Home' Asian Aviation : AAV May 2010 Contents 8 AsianAviation | MAY 2010
China Eastern Airlines has reported a profit of
540 million yuan (US$79.1 million) for 2009,
reversing its 1.4 billion yuan loss the previous
year. The Shanghai-based carrier attributed
the result to lower operating costs due to
Revenue for the year dropped 4.8 percent
to 39.83 billion yuan, while fuel costs fell
33.7 percent to 12.26 billion, as several long-
haul routes were cut during the height of
the global economic crisis as travel demand
China Eastern chairman Liu Shaoying is
confident the carrier will perform better this
year, as demand for international travel has
picked up significantly. Most of the capacity
that was cut on international routes has now
As part of its plan to expand its route
network and increase frequency on existing
international routes, China Eastern has placed
an order for 16 Airbus A330-200 aircraft,
with delivery slated to start at the end of
2011 through to 2014. The aircraft will be
deployed on routes to Europe and Australia.
In a separate development the carrier has
signed a preliminary agreement to join the
SkyTeam airline alliance. Liu says the carrier
also had talks with the rival Star Alliance and
Oneworld before making its decision, but
declined to elaborate on the reasons for the
China Eastern is the last of China's big three
carriers to join a global alliance. Air China and
Shanghai Airlines are members of Star while
Guangzhou-based China Southern Airlines is
also with SkyTeam, which was set up in June
2000 and now has 11 members, including
Delta Air Lines, Air France KLM and Korean
Air. -- William Dennis
Boeing may stop producing its 110-132 seat
737-600 single-aisle twinjet because of a lack
Speaking to AsianAviation in Kuala Lumpur,
Randy Tinseth, Boeing's vice-president for
marketing, said most of the 69 737-600 orders
the company has received to date have come
from Europe. While Boeing has yet to make
a final decision, Tinseth did not rule out the
possibility of the company dropping the model.
Tinseth could not say when a decision will
be made. There have been no recent orders for
Boeing received its first order for the
aircraft -- a direct replacement for the older
737-500 -- on 15 March 1995. The first flight
was completed on 22 January 1998 and was
followed by certification six months later. The
first aircraft was delivered to Scandinavian
Airlines System on 19 September the same
year, entering service six days later.
Questioned about a successor for the 737NG
family, Tinseth said Boeing will make a decision
at the end of this year.
"We have three options: have an all new
aircraft, re-engine the current models or
continue with them," Tinseth said. He added
that orders for the current models of the
737NG, with the exception of the -600, are
encouraging, noting that the -800 is very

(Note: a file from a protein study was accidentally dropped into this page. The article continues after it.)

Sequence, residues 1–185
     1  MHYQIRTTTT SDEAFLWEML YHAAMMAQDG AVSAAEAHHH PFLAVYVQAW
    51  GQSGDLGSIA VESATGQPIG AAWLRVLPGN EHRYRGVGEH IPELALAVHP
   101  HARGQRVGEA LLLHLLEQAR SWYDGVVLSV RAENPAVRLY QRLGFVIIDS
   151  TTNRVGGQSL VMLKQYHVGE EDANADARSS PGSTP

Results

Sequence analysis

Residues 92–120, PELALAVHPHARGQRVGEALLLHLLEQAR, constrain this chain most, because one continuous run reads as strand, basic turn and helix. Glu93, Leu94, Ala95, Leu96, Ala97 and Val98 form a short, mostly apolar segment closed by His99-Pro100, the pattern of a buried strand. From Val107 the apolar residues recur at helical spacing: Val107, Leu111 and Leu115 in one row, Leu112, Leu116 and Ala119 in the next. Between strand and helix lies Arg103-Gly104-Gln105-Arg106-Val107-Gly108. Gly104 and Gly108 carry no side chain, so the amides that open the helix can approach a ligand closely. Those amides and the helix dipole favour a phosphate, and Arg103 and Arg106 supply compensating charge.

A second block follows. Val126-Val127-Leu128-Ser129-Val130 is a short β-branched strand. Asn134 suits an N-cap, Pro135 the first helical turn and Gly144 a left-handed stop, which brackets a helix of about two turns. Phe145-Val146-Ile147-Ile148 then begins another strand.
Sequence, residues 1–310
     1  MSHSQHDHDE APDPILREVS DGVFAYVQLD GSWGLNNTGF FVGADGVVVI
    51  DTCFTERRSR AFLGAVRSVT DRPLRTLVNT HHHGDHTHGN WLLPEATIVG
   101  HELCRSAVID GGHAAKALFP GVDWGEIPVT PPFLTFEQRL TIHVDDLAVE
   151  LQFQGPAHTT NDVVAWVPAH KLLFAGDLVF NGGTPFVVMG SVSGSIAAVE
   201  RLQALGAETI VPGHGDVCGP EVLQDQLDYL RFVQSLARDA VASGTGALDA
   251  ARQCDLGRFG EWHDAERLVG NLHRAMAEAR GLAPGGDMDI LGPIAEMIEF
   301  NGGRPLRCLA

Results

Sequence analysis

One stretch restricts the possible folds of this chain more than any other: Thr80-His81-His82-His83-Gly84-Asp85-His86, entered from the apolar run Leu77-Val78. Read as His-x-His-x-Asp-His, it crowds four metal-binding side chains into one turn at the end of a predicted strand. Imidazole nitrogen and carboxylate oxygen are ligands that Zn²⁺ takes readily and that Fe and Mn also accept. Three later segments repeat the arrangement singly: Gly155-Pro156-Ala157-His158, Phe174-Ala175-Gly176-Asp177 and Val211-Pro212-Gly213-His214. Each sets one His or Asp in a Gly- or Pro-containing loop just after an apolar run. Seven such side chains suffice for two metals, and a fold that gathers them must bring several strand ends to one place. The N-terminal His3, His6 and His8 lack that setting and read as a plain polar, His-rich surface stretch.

popular with operators worldwide.
The 737NG comprises the bulk of Boeing's
aircraft orders. "Following a downturn,
demand for single-aisle aircraft by airlines
was typically the first to return in a recovery,"
Separately, Tinseth said Boeing expects the
current overcapacity in the airline industry to
ease over the next two years.
"With airlines phasing out older aircraft
and the network expansion of the bigger
carriers, overcapacity would not drag on," he
The International Air Transport Association
(IATA) has warned many times that
overcapacity will remain a high risk for airlines.
An estimated 1,400 new aircraft will be
delivered to airlines around the world this year.
Boeing expects orders for new aircraft
to increase next year as airlines return to
profitability, with Asia, Latin America and
Middle East markets in the forefront of the
"European and Japanese markets will lag
behind and take a longer time to recover,"
Tinseth said. He added that travel within the
region will probably grow about 6.5 percent
as airlines focus their expansion on fast-
developing south-east Asia. -- William Dennis
Boeing may stop producing 737-600 on lack of demand
China Eastern returns to full-year profit
NEWS IN BRIEF
MALAYSIAN low-cost carrier AirAsia X has
won rights to operate daily flights on the Kuala
Lumpur-Seoul route after 11 months of lobbying.
The airline plans to launch the service in October,
using Airbus A330-300 aircraft, to coincide with
the South Korean Prime Minister's visit to Malaysia
to mark 50 years of diplomatic relations between
the two countries. The Malaysian Ministry
of Transport's Undersecretary for Aviation, P
Chandrasekaran, says AirAsia X's applications to
fly to the South Korean capital and Sydney were
previously rejected earlier this year. The carrier
then appealed to Prime Minister Najib Tun Abdul
Razak and was granted the rights for Seoul only.
Malaysia Airlines and Korean Air operate 12
flights a week each between the two capitals.
An AirAsia official says the carrier will continue
to press for the rights to fly to Sydney. The airline
also plans to apply to operate to Tokyo, Jeddah
and between Kota Kinabalu and Seoul.
Orders for other 737NG models, such as the -800, remain strong.
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